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Labor Department and DOT Hold FOIA Conferences

With the support and encouragement of the Office of Information and Privacy, a growing number of federal departments and agencies are holding agencywide Freedom of Information Act conferences for the training and professional development of their FOIA personnel.

Last week, for example, both the Department of Labor and the Department of Transportation held nationwide conferences for their agencies' FOIA officers in Washington, D.C., as they gathered their employees for an up-to-date review of FOIA policy, applicable case law, and the procedures used in the Act's administration at those agencies.

The Department of Labor's conference, which was held on February 12-13, was organized by Miriam McD. Miller, a longtime FOIA professional who serves as the Labor Department's Co-Counsel for Administrative Law, together with Robert A. Shapiro, Labor's Associate Solicitor for Legislation and Legal Counsel. It included specialized training sessions on the FOIA's exemptions, its administrative appeals process, records-management practices, and proper coordination of the handling of FOIA requests among Labor's many subagencies.

The keynote presentation at this conference was made by OIP Co-Director Daniel J. Metcalfe, who addressed a range of current FOIA policy, administrative, and litigation issues -- including the Attorney General's FOIA Memorandum of October 12, 2001, the effects of anthrax-related mail delays on the processes of FOIA administration, and the protection of critical infrastructure information under Exemption 2 in a post-September 11 environment. Approximately 300 Labor Department employees from around the country attended.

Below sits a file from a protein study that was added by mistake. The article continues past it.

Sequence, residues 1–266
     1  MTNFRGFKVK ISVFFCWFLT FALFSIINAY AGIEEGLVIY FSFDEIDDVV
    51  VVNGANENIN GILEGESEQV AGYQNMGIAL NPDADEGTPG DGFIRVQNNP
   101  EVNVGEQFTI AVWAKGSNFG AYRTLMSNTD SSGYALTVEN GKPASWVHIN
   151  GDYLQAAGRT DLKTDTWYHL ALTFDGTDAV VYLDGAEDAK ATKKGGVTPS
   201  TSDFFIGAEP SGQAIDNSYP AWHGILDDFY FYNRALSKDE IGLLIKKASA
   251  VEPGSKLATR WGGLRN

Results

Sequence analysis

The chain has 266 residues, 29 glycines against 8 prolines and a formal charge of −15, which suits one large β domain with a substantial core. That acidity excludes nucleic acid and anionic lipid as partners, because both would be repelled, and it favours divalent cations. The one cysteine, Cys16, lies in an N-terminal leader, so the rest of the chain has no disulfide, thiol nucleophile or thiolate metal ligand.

The Department of Transportation began its FOIA conference a day later. It lasted two days as well, and it was organized by Pat Riep-Dice, another FOIA veteran, who now serves as the Transportation Department's principal FOIA officer. DOT's program covered administrative procedures, Federal Records Act issues, and selected FOIA exemptions particularly applicable to that agency. Special attention was paid to the scope of a new Exemption 3 statute that pertains to the vulnerability of transportation systems.

Policy presentations at this conference were made by both OIP Co-Director Richard L. Huff and OIP Deputy Director Melanie Ann Pustay, who also answered questions on both the new Attorney General's FOIA Memorandum and the scope of Exemption 4. More than 100 Transportation Department employees, including many from field and port installations, attended. In addition, this program included some training on the Privacy Act as well, as did the Labor Department's conference, to round out the instruction.

These agencywide FOIA programs are just the most recent examples of such sessions, which are now held in increasing numbers by cabinet departments and smaller agencies alike. In some cases, subagencies or major components of agencies conduct their own FOIA conferences or training programs. Recent examples of these include the Federal Aviation Administration, the National Oceanic and Atmospheric Administration, the Department of the Army, and the Defense Contract Audit Agency, which conducted sessions in Missouri, West Virginia, Florida, and Virginia, respectively, with support from OIP.